The New York State Department of Agriculture and Markets is offering "Fresh Connect" grants to benefit direct-market farmers and low-income populations.
The goal is to enable farmers to move more products while a needy segment of the community reaps the benefits of our local harvest. I'm certain that a multitude of proposals are being submitted from all over the state, many of them looking to start up new farmers markets in underserved areas. We're lucky that in the North Country we have many farmers markets to choose from.
I've spent much of the past week writing one of these grants and looking at the challenge from a different angle. It's a bit of a long shot, I'll admit, but if awarded, it will provide an opportunity to train food-pantry employees and volunteers in simple food-preservation techniques. Local perishable food could then be saved for distribution to clients in the off-season.
As a farmer myself, I have never looked at all the extra unharvested vegetables as "wasted food"; it's just compost waiting to happen, large bundles of nutrients waiting to be returned to the soil. But I also understand that it is potentially food to be shared with the rest of the community. The trouble with much of our local harvest, though, is that it's fairly perishable.
Why not just preserve all those excess tomatoes for the food pantries? Unfortunately, it's not as simple to preserve produce for donation as it sounds. Processing procedures must follow the same safety guidelines as any business looking to sell such goods as jams, pickles or canned tomatoes. A 20-C license is required for most preservation, and the procedures and recipes must be approved by the Food Venture Center in Geneva, N.Y. Commercial kitchens and proper equipment are needed — thus necessitating the grant — to help offset some of the licenses, fees, equipment and training workshops.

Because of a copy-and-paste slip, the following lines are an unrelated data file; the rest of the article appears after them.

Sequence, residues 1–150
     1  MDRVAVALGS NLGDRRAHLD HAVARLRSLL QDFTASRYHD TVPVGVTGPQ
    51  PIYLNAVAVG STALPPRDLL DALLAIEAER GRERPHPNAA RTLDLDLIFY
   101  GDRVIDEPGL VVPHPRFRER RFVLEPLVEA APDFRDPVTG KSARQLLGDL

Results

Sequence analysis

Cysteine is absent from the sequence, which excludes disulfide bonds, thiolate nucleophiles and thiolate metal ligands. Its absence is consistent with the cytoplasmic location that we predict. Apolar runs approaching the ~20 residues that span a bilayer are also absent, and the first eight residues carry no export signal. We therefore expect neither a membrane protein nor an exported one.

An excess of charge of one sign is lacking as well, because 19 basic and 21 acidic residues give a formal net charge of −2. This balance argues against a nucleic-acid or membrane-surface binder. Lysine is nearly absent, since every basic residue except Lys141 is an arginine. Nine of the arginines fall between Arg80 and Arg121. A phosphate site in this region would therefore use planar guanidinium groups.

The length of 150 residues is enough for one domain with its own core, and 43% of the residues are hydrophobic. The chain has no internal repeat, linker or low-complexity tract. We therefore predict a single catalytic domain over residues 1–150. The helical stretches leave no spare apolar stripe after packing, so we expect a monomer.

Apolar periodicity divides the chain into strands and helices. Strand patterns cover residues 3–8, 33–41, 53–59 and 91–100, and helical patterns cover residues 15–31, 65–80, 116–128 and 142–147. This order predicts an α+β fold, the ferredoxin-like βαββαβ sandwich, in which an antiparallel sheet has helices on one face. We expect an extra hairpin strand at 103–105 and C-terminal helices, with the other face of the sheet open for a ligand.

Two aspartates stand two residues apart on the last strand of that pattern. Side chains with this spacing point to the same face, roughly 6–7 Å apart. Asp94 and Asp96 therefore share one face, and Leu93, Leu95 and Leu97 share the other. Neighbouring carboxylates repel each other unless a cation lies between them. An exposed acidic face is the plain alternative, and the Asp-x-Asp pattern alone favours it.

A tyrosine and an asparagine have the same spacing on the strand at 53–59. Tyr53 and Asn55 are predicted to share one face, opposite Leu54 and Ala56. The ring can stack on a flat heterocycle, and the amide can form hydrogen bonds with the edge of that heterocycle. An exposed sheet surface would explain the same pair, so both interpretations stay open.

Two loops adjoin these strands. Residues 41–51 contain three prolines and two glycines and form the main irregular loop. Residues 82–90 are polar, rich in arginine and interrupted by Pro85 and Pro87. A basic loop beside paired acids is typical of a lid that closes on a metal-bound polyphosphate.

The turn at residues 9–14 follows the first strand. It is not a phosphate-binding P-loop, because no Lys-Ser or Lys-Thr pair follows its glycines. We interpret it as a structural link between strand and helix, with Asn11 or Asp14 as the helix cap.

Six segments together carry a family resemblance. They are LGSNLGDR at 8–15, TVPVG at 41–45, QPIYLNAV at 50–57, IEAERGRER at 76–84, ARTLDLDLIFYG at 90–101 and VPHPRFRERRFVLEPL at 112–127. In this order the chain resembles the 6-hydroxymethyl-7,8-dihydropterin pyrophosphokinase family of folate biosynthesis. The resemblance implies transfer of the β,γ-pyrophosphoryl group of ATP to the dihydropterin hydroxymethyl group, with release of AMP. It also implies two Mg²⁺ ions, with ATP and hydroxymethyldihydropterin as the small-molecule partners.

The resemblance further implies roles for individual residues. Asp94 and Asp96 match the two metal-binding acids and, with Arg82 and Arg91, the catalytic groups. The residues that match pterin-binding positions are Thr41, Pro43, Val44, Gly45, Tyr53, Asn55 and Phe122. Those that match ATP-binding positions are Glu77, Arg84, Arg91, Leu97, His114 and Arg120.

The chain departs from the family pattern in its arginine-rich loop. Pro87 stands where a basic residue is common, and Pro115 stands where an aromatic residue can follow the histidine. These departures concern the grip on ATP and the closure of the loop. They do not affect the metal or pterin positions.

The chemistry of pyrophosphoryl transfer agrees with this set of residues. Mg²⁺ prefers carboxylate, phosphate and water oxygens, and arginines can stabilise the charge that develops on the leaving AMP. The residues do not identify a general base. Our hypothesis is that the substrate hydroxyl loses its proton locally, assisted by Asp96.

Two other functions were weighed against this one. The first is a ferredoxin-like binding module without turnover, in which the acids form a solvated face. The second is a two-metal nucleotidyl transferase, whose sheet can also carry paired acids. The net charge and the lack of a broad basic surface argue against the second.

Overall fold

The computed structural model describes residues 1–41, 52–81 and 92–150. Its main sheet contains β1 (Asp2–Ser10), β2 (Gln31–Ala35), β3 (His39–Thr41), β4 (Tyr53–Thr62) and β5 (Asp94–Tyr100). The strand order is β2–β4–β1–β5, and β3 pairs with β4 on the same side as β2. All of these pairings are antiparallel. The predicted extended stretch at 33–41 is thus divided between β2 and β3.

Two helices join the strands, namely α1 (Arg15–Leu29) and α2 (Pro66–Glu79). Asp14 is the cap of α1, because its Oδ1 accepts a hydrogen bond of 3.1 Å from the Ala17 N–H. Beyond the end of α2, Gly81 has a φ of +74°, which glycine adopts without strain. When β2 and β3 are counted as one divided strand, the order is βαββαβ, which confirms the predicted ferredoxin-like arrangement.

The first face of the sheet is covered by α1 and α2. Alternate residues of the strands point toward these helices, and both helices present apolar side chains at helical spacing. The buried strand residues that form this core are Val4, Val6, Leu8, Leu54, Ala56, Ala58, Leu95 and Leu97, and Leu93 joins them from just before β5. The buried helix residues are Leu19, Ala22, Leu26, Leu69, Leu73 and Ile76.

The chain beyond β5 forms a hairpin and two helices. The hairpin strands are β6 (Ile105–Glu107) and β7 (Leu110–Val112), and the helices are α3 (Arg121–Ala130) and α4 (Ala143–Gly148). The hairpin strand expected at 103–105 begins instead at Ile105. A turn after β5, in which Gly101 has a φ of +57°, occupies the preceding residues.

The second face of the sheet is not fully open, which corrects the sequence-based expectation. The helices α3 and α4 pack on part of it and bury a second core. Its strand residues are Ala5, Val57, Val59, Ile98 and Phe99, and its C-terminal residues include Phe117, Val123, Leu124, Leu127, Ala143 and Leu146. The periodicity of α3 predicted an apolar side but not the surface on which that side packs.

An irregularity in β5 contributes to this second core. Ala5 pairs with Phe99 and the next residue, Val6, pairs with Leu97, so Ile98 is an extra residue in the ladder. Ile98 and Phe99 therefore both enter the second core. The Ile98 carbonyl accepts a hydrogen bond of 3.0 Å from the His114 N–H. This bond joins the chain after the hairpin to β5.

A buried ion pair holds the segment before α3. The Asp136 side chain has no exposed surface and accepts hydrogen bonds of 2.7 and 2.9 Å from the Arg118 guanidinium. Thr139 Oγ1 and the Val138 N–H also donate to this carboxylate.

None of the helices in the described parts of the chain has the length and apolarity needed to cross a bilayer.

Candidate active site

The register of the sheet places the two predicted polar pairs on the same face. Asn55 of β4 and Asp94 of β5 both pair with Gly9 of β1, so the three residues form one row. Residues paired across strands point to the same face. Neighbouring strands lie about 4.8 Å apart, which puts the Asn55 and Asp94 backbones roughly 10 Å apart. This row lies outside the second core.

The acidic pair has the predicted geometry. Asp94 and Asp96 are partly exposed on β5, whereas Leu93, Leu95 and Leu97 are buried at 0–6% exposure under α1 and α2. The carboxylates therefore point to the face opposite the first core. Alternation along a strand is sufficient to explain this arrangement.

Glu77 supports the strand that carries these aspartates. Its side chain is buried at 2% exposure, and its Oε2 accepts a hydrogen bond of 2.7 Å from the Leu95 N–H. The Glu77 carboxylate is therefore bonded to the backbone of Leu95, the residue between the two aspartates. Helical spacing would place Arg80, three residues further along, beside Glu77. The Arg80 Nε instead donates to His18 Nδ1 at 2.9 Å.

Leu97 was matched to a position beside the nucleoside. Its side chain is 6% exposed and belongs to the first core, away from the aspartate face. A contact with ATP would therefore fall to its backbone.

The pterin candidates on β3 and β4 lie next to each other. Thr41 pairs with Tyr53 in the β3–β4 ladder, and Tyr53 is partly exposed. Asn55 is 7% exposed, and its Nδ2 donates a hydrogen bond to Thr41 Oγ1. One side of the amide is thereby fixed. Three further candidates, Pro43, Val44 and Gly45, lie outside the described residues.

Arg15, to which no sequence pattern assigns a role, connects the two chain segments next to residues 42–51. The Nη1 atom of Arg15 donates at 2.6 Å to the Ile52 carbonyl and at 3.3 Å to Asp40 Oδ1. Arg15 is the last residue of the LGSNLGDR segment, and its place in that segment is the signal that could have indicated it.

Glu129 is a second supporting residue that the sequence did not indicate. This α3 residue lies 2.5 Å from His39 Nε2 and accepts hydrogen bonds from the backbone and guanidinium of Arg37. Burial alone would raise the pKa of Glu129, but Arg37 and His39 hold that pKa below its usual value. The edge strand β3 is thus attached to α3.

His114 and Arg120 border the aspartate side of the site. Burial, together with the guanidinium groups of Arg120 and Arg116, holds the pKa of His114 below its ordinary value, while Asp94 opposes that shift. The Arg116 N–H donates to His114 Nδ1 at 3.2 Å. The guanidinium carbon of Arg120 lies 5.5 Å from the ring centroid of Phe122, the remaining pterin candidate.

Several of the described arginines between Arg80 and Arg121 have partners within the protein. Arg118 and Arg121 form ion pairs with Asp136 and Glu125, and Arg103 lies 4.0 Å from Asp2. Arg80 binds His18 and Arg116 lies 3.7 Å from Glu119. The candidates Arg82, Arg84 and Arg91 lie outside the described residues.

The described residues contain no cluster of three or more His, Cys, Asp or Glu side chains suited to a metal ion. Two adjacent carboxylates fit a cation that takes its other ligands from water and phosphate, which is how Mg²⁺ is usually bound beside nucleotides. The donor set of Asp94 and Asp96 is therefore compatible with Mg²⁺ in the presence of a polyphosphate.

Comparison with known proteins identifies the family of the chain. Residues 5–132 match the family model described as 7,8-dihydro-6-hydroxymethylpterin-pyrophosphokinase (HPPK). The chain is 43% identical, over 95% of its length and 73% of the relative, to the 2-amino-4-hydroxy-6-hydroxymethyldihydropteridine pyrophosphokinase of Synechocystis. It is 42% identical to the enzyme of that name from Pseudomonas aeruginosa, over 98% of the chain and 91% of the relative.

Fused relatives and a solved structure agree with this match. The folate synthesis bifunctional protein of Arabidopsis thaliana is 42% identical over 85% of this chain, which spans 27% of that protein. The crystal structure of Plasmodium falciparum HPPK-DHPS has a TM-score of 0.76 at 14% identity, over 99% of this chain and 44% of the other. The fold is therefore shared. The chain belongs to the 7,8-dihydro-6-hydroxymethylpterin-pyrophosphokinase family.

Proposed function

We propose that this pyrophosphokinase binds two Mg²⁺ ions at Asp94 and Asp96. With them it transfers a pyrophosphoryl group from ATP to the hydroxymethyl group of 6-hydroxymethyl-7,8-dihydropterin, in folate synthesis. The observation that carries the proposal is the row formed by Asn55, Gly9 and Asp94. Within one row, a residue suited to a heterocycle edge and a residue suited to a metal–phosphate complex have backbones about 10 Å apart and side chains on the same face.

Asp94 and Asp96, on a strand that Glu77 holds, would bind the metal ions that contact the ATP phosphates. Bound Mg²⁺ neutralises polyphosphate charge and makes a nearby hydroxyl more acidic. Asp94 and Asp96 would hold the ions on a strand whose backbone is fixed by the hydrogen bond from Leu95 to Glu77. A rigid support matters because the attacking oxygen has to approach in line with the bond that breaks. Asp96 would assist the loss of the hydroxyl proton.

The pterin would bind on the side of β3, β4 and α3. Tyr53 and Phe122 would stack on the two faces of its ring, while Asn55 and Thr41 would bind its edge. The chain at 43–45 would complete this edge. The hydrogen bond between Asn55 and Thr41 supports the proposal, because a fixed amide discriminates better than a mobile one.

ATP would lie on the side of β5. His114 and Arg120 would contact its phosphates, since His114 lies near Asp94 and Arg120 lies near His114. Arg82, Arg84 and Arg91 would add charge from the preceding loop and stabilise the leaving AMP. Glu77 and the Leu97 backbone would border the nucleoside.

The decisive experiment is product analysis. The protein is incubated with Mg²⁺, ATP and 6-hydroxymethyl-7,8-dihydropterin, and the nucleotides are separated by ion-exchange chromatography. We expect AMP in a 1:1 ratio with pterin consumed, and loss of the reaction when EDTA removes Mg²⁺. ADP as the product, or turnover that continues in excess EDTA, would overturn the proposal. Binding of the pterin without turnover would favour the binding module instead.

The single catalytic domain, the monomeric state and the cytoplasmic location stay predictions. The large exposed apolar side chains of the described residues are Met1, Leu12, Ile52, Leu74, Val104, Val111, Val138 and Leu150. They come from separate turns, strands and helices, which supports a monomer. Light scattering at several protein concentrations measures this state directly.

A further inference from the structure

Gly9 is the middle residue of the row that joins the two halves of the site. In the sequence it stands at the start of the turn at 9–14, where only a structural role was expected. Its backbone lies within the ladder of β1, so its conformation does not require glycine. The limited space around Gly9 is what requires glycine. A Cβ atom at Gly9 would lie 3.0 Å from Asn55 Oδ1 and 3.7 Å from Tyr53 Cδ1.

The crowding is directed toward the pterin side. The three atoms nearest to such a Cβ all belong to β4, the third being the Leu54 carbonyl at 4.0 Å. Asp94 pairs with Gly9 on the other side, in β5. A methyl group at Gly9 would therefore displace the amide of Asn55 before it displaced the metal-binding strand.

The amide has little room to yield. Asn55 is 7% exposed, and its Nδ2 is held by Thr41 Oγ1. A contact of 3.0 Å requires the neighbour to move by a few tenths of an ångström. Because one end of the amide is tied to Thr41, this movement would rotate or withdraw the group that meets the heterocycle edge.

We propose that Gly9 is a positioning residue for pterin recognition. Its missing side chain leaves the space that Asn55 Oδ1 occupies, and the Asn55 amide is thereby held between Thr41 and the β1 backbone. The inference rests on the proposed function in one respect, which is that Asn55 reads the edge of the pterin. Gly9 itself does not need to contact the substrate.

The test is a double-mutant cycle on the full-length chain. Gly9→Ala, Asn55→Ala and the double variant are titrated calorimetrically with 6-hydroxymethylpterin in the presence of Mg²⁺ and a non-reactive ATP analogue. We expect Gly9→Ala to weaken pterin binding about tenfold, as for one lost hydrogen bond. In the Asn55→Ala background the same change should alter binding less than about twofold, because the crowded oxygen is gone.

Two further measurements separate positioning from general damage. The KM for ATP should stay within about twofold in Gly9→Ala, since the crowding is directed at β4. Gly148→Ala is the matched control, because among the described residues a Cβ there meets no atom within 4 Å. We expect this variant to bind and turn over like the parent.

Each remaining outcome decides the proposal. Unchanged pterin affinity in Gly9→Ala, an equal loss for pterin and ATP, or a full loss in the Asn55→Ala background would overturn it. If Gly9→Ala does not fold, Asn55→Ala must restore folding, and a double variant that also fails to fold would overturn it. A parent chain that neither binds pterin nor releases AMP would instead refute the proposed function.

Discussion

A colleague recently filled me in on her visit to the ComLinks Cooperative Gleaning Program in Malone. Gleaning is defined as "the act of collecting leftover crops from farmers' fields." ComLinks is doing a great job of processing the local harvest. The farmers bring loads of produce to the commercial kitchen, and the ComLinks staff preserves it for them. The gleaning program keeps a percentage of the food as payment to distribute to schools and other programs. The farmer is able to keep the rest of the processed food to sell. Win-win.
I also wondered if we, as a region, were doing enough to stock our food pantries with fresh local produce, eggs, cheese, meat, honey, etc. Often, direct-market farms have extra amounts of harvest that they are willing to donate or sell at a reduced rate. In Elizabethtown, at least one community member routinely connects with local farms to arrange for extra produce to find its way to the food shelf.
Adirondack Community Action Programs has used its Senior Nutrition Program vehicles to pick up gleaned vegetables from farms during meal deliveries. The produce was transported back to the agency's kitchen for incorporation into the future meals. The farms were paid for produce that otherwise would have been composted, and the program was able to use local food for a bargain price.
Countless other food pantries are reporting increased donations of fresh local produce. I encourage you to seek out ways to help your community stock the food shelves with delicious local fare. In the end, we all benefit. Adirondack Harvest is a regional organization dedicated to connecting our local farmers with consumers and can help you in your quest for local foods. Visit www.adirondackharvest.com for more information.
Laurie Davis is an educator with Cornell Cooperative Extension in Essex County and is the coordinator for Adirondack Harvest. Reach her at 962-4810, Ext. 404, or by email: firstname.lastname@example.org.